During the pandemic it’s vital to take regular breaks and make time for yourself to help support your wellbeing. Whether you’re working from home, searching for jobs or caring for a loved one, we could all use a little more self-compassion.

The concept of self-compassion has three important elements:

  1. Mindfulness - being aware of your thoughts and feelings without judging them or dwelling on them
  2. Common humanity - a recognition that no one is perfect and that we all make mistakes
  3. Self-kindness - caring for yourself the way you would a friend or loved one in a similar situation

Why is self-compassion good for your mental wellbeing?

Research shows that people who exercise higher levels of self-compassion tend to be more resilient than those who don't. They have less of a physical response to stressful situations and spend less time dwelling on them after the fact. This is partly because self-compassion involves actively recognising your strengths and achievements, which boosts self-confidence and our belief in our ability to cope with difficult situations. But self-compassion also has an impact on our biology.

Stress is your body's natural response to a perceived threat, sometimes called the 'fight or flight' response. A study by the Universities of Exeter and Oxford* has found that exercising self-compassion helps to calm the heart rate and shut down this threat response. Participants in the study demonstrated a state of relaxation and security. They also reported feeling a stronger connection with other people.

If you exercise self-compassion, you're also more likely to adopt healthy self-care behaviours such as getting plenty of exercise, eating well and establishing healthy sleep patterns. Put simply, you're more likely to make choices that boost your physical health, which is crucial for your mental wellbeing.

Self-compassion also encourages personal and professional development, which in turn improves our confidence and self-esteem. That's because it allows us to consider our strengths and skill set objectively without fear of criticism and judgement. We're then able to identify areas for improvement and make a change for the better.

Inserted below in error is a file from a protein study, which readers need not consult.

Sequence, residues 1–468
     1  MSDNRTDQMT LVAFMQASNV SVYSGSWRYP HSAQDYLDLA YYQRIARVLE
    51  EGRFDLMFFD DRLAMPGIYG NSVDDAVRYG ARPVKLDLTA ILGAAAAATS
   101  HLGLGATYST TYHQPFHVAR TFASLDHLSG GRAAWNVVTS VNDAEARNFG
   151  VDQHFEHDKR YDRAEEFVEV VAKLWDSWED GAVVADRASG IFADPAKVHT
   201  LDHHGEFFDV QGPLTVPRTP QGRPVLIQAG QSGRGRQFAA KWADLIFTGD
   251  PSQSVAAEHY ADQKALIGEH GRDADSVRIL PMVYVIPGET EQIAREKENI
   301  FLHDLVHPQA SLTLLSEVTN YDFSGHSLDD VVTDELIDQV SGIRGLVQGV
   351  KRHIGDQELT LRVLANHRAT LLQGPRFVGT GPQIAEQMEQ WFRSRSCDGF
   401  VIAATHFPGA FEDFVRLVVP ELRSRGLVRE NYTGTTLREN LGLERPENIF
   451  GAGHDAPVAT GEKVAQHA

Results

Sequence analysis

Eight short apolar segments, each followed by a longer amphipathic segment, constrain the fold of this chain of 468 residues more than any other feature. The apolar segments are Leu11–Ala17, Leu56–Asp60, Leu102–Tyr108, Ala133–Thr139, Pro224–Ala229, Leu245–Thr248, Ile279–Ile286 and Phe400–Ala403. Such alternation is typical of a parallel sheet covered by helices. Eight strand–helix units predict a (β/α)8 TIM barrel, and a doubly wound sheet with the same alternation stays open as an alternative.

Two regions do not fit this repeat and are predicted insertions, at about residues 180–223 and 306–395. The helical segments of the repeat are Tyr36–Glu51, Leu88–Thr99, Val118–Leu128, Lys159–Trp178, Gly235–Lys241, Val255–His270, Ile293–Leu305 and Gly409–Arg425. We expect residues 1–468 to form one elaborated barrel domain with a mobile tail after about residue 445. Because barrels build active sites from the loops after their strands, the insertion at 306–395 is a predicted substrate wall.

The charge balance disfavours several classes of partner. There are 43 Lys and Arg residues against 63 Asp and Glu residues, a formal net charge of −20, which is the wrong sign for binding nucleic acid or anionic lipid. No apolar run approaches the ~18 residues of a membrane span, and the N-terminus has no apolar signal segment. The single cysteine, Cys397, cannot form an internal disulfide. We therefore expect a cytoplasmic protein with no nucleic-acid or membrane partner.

5 ways to show yourself more compassion

At its heart, self-compassion is about self-care or looking after yourself the way you would a friend. In fact, thinking about what you might say to a loved one in a similar situation is a good starting point. What advice would you give them?

Here are a few ways you can start showing yourself a little more kindness and understanding:

  1. Practice mindfulness - learn how to notice and observe your thoughts without judging them. Practising mindfulness encourages you to be curious and self-aware, understanding that your thoughts and assumptions are just that. They're not facts.
  2. Reward yourself - celebrate your successes and achievements. Keep a list of your personal skills and strengths to review in moments of self-doubt.
  3. Take a break - time away from your day-to-day routine and a change of scenery can help you keep things in perspective. If you can, go outside for some fresh air and sunlight.
  4. Strengthen your connections - kindness is contagious! By showing love and understanding to the people who are important to you, you're more likely to show yourself the same compassion.
  5. Do things you enjoy - spending time on our passions, hobbies and interests is good for the soul.

CABA provides lifelong support to past and present ICAEW members, ACA students, ICAEW staff, and their close family members. 

If you’re worried about the impact of the pandemic on you and your family, find out how CABA can support you.